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Centralized Digital Bank Currencies: The Future of Digital Money Says IMF Chief

July 29, 2021 by Victoria Turner

After working for over a decade on modernizing its payment system, the Bahamas is now home to the world’s first central bank digital currency called the “sand dollar.”

For this archipelago of 700 Caribbean islands, moving to a mobile payment system “will be addressing [the] unbanked and underbanked, specifically trying to improve the access to services,” said John Rolle, governor of the central bank of the Bahamas, at an International Monetary Fund event Thursday. This is particularly vital for the speedy economic recovery of a country in the path of many hurricanes, he said. 

Digital transactions are increasingly becoming the consumer choice of mobile payment. The public sector has to catch up with the private sector and provide an equal standard of service for all, allowing everyone to have the chance to use these services across the archipelago, Rolle said. 

Nevertheless, bringing in new providers while modernizing the Bahamian payment system also meant wrestling with the issue of interoperability between providers and other currencies, and Rolle sees the central bank digital currency as the “glue that could connect the system together.” 

Today, 110 countries are either mulling over or piloting the implementation of central bank digital currencies, said IMF Managing Director Kristalina Georgieva. 

Another form of digital money, she explained, is a “stablecoin” that is issued by the private sector like the United States Digital Coin that is also backed by reserve assets. If one decides to cash in their USDC, for example, they would get a one-on-one exchange of one dollar per USDC.

Both central bank digital coins and stablecoins have price stability and are backed by actual money. It should be noted that some stablecoins, however, are “invested more like money market funds and therefore they bring more risk to those that invest into them,” Georgieva cautioned. 

“The safest form of digital money is central bank digital currency,” Georgieva said; it is digital money that is not only backed by the state but also regulated by its monetary policy. 

People also need to understand the difference between centralized digital currencies and popular cryptocurrencies, like Bitcoin. Cryptocurrency is more a “higher risk investment opportunity,” she said, and the asset value changes. It is not stable nor is it backed, thus is poised as an investment in an asset rather than its original purpose as a tool for economic exchange.

Georgieva congratulated the Bahamas for leading what she described as a “revolution….in terms of speed, cost [and] accessibility” of the payment system. However, she pointed out it was also an evolution of physical and institutional infrastructures that will be required to support this digital system, which has regulators tussling with questions of interoperability between financial systems and currencies, trust in these government structures, and “the risks associated with shifting gears in that digital direction.”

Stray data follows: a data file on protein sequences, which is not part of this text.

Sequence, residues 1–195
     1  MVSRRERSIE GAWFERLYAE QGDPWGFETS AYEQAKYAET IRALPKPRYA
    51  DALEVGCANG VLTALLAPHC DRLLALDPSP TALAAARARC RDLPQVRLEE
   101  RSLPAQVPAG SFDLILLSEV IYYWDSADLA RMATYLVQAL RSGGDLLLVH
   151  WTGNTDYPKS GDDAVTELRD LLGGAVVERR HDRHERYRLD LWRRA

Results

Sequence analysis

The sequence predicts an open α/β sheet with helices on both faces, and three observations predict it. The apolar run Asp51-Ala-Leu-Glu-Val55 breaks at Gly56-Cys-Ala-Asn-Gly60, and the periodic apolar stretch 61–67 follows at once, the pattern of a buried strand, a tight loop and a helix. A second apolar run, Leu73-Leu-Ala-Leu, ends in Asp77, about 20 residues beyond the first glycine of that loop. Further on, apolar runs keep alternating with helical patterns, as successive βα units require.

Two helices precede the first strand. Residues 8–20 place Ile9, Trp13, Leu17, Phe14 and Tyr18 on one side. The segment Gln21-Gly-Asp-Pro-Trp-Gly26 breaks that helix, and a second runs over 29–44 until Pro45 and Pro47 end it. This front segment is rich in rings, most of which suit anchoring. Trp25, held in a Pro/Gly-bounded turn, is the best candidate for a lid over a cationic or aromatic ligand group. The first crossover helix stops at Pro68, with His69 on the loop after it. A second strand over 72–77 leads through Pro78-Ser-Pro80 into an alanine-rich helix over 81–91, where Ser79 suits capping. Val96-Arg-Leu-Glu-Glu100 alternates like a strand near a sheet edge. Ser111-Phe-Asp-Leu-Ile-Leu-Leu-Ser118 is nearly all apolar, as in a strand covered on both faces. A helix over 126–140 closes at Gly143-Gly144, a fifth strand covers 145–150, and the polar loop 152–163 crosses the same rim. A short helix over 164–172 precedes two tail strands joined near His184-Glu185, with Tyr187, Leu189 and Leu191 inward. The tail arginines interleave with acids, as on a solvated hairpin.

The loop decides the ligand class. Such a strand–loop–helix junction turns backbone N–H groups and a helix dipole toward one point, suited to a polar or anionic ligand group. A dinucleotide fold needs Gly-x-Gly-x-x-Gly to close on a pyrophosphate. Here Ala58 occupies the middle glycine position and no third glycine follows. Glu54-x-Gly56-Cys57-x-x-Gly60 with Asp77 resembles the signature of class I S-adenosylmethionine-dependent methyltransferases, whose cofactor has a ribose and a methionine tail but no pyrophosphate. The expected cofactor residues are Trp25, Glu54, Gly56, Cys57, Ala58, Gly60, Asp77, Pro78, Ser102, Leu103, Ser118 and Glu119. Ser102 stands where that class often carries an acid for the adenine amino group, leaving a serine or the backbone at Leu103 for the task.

Digital currencies must of course face digital risks, like cyberattacks, money laundering and the likes – potentially even on behalf of corrupt state actors. For example, the South American country of Venezuela has been battling hyperinflation for years. 

In 2017, according to Statista, it had an average inflation rate of 438.12%. In a NASDAQ report, the annual inflation had spiked to 2940.8% this past April – a stark number compared to the U.S. annual inflation rate increasing that same month to 4.5%, as recorded by the U.S. Bureau of Labor Statistics.

Venezuela’s authoritarian leader, Nicolas Maduro, announced in January that the country’s currency will be shifting entirely to a digital coin – mostly to combat what he said was a U.S. dollar war against Venezuela’s physical currency. 

With such alarming inflation rates and occasional arbitrary monetary errors – like the Petro, an untrusted government implemented cryptocurrency that most Venezuelans refuse to use – it is not surprising if its citizens don’t trust this digital shift. Given the country’s spiraling economic crisis and mass migration due to rampant crime, insecurity and food shortages, many Venezuelan migrants have already resorted to digital tokens to send money back to their struggling families. 

The private sector is offering this helpful, inclusive, cross-border movement of digital tokens, which results in an international money conversion, Rolle said, and “there are a lot of complex regulatory and other issues [like] consumer protection as well, and that [remain] to be resolved.” In a predictable, stable, and regulated way. 

The “moral of the story,” she said, is that financial regulators across the world have their work cut out for them while they grapple with digital monetary policies.

Digital money isn’t going anywhere. This new form of payment infrastructure and service is “definitely going to only exponentially grow in the years to come” and Georgieva said the IMF plans to work with its member states “to navigate, and also to regulate to protect consumers and protect the economy.” 

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